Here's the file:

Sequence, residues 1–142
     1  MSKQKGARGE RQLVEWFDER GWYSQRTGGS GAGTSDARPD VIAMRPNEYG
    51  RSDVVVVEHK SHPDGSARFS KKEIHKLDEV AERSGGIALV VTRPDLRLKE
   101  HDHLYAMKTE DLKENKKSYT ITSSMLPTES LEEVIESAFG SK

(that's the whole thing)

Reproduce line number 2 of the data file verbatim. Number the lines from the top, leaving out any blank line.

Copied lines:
     1  MSKQKGARGE RQLVEWFDER GWYSQRTGGS GAGTSDARPD VIAMRPNEYG